7:23 PM 7 AUGUST 2016
This was a random choice on my part, with which to fill the waiting times that accompany jury service. But, if I say so myself, an excellent choice, brimming with likable, if somewhat flawed characters, set in a wonderfully familiar 1960s onwards. Not since ‘Fever Pitch’ and the well thumbed pages describing West Ham’ s FA Cup triumph over Hornby’ s beloved Arsenal have I felt so warmly nostalgic and thankful to have been there.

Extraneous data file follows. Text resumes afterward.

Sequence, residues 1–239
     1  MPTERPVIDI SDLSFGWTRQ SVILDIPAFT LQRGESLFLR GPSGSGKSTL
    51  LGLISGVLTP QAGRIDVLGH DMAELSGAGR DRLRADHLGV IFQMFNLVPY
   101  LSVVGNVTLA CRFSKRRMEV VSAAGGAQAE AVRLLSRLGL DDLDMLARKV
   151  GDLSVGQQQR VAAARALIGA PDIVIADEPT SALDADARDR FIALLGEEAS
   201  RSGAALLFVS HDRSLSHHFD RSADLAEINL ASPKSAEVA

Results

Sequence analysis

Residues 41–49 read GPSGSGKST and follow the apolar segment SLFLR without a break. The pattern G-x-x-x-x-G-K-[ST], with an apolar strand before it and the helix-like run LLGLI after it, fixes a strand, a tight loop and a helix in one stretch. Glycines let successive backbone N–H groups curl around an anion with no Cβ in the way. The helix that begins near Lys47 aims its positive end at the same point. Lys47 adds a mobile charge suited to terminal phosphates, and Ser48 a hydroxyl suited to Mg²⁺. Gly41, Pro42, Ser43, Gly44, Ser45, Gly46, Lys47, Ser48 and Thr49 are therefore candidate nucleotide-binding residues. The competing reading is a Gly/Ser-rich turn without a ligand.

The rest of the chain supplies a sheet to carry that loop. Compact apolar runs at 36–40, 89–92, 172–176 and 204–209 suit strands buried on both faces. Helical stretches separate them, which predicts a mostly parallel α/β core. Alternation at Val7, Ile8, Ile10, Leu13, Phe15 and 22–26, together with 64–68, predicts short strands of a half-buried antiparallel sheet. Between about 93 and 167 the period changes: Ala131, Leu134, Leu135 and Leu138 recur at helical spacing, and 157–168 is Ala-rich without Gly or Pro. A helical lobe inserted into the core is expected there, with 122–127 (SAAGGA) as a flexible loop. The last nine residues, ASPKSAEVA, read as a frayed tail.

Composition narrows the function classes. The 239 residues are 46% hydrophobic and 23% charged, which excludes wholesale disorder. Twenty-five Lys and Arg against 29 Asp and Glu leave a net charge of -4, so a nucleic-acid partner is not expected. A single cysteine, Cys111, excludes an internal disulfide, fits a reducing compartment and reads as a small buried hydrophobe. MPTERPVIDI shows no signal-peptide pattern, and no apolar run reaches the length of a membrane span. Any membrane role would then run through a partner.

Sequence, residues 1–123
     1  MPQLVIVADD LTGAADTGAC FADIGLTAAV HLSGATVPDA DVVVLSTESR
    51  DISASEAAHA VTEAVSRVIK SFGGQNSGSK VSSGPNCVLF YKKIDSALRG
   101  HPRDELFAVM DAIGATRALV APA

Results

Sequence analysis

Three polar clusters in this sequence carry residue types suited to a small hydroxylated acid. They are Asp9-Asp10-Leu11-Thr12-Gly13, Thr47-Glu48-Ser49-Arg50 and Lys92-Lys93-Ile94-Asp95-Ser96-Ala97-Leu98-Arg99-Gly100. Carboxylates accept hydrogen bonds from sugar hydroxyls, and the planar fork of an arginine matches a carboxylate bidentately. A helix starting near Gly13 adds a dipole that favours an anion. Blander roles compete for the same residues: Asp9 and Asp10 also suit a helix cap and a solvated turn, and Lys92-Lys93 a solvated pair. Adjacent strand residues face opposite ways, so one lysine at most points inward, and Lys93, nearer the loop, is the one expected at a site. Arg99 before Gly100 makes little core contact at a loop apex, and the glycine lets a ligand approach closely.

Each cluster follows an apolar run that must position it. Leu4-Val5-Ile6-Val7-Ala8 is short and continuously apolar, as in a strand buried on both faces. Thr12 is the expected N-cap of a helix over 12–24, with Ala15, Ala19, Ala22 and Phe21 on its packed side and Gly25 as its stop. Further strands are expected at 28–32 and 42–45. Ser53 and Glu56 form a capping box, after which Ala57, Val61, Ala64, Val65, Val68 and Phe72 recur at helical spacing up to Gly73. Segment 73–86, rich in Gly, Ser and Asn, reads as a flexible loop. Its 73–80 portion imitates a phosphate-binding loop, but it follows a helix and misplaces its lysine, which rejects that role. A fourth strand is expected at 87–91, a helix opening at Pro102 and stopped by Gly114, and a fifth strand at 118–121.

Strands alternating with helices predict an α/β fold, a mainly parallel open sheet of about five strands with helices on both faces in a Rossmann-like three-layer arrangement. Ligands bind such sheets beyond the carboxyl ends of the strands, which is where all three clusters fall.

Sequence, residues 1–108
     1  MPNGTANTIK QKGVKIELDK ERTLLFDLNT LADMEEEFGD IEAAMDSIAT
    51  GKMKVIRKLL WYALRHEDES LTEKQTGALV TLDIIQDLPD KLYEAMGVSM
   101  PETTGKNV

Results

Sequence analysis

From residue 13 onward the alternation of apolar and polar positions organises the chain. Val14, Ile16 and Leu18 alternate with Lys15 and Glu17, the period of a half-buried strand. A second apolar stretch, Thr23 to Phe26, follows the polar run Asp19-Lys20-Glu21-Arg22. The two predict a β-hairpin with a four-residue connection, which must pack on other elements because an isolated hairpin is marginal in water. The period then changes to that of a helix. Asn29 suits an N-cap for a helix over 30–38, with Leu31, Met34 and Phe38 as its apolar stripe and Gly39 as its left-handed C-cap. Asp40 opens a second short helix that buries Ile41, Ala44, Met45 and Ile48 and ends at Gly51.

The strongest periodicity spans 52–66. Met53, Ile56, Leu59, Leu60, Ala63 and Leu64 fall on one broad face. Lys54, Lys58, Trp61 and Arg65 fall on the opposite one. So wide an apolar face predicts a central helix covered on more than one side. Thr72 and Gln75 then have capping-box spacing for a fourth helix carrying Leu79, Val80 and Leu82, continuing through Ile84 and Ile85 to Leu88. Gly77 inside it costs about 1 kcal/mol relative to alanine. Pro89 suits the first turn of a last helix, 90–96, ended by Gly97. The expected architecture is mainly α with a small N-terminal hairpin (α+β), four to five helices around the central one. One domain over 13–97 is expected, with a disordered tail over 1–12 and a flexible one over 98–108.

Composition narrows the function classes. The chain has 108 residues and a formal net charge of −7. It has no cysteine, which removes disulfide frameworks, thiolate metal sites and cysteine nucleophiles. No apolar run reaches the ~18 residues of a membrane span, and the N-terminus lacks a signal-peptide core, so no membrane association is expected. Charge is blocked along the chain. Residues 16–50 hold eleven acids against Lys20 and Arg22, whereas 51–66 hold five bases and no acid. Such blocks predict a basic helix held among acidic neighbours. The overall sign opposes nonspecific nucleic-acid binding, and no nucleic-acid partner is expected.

This book follows the journey of fictional rising TV star Sophie Straw, but it is the clever background use of programmes such as ‘Till death us do part’ and ‘Steptoe and son’, which gave the novel depth and for this reader an added affinity with the central ‘cast’. The clothes, activities, people and cultural norms all seemed so gloriously yesteryear, sympathetically described by the author and diligently reflecting the seemingly dated expectations of the time. This is no retrospective critique, but rather a wonderful observation of the period with its sometimes bizarre conventions, seen through the eyes of a young northern woman drawn to London in search of a better future. I thoroughly enjoyed the storyline and commend Nick Hornby for his deft handling of the relationships weaving together a very compelling read.